Of course, the poll probably reflects foreign policy matters to an extent and not totally the economy. This is certainly something that lingers in the shadows of each household while attempts by the larger media world are to place it directly in the limelight, or, say, the dinner table, an area principally reserved for “Honey, how was work today?” or “Find any job openings?” Not, “Did you note what happened in Donetsk this morning?” It is true, however, that the average Joe’s 401k is going to be affected by what’s going on in Timbuktu. Remember the MIT and University of Chicago boys and their excellent Russian adventure while running Long-Term Capital Management? Or, how about the the Thai currency debacle? These things eventually come out of the shadows at home in the form of “Dear, what happened on the last retirement statement?” It does appear on the foreign policy front that the Malaysian jet having been shot down will move the German leadership finally off of their principally trade oriented mores. Notice I mentioned leadership, as the average German has been indoctrinated post W.W.II with a significantly passive approach (rightly so) to all things that even contain a whiff of a military resurgence. There was a poll cited in a recent FT article that Merkel still faces a very wary populace in this regard. The same applies to Abe, noting the last regional elections. This situation is somewhat nerve wracking as one wants these two economies to begin to play a larger role in the global security state while at the same time one notes today is the 69th anniversary of Hiroshima. There is a strong pull to let sleeping dogs lie. I feel, and I’ve been wrong before, that Putin has his naval base and is, in the interest of his nation’s economy and people, going to settle down over the loss of his man, Yanukovych. Of course, attempting to get into Putin’s brain and predict outcomes is iffy at best. Knowing Mr. Xi’s intent is even trickier, given the Communist Party backdrop. So, most likely, Germany and Japan are going to have to pull more weight in countering other hegemonies. Clearly, deterrence still looms largest, however. The U.S., post the Second World War, has invested militarily (our boots on their ground) in these two states, providing security and allowing their economies to grow. This was an expensive endeavor, but not without an investment yield – regional stability. Germany and Japan will have to help curtail the radical islamic fold as well. The truth of the matter is, of course, that this, additional military expenditures, entails economic heft, which precludes Japan to some extent and certainly much of Europe. It’s been interesting to see the effects of the hike in the Japanese sales tax, which evidently is going to have a dramatic impact on their next GDP release. I still hold that a consumption tax well outweighs other forms of taxation in terms of benefits. Savings and investment should be the principal concern of US leaders and tax policy should be instituted with this in mind. “But, Tetraneuris, 2/3’s of our economy is based on consumption – we’ll tip over,” I can hear you rebutting as you read, Periwinkle. Regardless, the social engineering doctrine and lousy tax policies have to come to an end. Witness the present “inversion” mess. Silly, really.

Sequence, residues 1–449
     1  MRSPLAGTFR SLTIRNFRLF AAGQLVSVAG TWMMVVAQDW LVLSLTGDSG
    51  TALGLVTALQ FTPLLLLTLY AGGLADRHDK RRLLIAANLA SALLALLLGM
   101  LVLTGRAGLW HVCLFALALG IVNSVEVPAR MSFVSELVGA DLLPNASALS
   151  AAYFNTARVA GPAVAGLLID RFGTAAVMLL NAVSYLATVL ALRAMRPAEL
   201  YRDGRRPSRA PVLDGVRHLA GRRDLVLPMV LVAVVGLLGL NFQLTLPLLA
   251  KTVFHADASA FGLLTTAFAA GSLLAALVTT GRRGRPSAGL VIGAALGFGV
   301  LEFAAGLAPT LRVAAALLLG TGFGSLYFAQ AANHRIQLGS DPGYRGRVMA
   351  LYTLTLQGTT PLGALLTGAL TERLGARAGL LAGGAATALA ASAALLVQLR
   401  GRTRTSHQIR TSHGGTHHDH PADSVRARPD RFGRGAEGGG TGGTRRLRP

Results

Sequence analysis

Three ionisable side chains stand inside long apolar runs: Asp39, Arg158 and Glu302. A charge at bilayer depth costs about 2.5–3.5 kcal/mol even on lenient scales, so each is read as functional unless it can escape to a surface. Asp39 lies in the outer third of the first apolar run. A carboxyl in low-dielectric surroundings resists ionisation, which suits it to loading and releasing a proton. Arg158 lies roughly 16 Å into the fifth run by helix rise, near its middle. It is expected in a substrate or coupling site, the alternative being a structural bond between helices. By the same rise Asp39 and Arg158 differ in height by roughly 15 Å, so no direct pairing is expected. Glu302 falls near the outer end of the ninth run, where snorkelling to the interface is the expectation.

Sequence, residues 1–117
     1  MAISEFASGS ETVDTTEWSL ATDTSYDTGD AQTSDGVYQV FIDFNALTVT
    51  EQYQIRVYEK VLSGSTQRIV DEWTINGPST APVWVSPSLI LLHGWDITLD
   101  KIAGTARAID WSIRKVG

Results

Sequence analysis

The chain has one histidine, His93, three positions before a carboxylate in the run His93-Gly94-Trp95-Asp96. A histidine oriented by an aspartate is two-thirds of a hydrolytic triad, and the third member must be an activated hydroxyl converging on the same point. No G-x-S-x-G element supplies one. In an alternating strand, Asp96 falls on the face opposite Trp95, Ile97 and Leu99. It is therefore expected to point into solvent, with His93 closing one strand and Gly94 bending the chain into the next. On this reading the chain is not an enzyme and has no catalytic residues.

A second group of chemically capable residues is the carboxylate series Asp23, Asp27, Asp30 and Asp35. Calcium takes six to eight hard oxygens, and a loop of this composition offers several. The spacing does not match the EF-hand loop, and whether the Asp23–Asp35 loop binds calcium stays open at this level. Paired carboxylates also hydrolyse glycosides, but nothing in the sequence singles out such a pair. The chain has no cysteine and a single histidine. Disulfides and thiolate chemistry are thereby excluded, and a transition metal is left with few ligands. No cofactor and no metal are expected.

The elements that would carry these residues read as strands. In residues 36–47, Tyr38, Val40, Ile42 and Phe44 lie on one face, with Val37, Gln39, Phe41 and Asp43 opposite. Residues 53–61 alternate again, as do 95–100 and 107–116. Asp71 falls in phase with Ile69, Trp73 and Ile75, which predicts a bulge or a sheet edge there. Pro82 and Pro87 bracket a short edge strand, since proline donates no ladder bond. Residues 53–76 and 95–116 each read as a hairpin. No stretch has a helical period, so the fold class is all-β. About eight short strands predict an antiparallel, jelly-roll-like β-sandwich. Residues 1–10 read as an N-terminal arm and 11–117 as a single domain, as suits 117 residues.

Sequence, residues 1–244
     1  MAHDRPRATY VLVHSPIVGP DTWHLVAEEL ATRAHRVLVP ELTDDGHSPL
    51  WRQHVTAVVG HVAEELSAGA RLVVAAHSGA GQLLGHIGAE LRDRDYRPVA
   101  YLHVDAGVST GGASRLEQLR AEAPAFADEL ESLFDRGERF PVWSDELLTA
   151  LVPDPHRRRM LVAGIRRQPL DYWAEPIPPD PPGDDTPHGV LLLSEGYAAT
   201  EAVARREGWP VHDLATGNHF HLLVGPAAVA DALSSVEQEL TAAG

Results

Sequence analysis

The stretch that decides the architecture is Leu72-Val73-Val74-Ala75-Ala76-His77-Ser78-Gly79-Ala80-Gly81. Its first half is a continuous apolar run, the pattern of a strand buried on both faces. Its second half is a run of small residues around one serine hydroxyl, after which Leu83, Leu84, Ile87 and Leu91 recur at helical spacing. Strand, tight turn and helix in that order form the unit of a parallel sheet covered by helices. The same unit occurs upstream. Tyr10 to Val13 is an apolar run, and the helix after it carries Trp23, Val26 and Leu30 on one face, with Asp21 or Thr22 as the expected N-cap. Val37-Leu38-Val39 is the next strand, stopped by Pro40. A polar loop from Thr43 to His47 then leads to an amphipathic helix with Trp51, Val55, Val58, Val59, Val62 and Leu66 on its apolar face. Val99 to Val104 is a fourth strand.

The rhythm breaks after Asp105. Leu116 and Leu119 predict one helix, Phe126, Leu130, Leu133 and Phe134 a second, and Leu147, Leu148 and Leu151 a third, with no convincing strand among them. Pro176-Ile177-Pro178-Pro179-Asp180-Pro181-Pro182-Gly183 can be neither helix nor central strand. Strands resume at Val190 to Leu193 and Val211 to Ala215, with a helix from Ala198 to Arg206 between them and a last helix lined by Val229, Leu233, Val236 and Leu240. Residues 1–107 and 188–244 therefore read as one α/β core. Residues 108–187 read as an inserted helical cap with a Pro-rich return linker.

The fact of the matter is, Periwinkle, wars bankrupt states. Rearming Germany and Japan is not going to be beneficial if it means new or unnecessary conflicts. The youth in these countries and our own have it correct. If only they could find jobs. Most of the world’s economies are swimming in debt and unfulfilled future pension obligations. There should not be an eventual race to the bottom in terms of which state can debase their currency the quickest. This is economic destruction. The world needs to trade more and fight less. The US needs global customers. I believe the present administration feels the same way. We are still very much in recovery mode as the Great Transfer plays out. Let’s hope things remain on an even keel.

Drop me another line and send a picture of the Williams or Upper Elk!

Warm regards,


PS. Sorry for any dangling participles, just between flowers?! Good thing for spell check as well! These letters are often written impromptu and with haste. I see India (their “civil service”) is going to let such matters slide. The Brits would be appalled.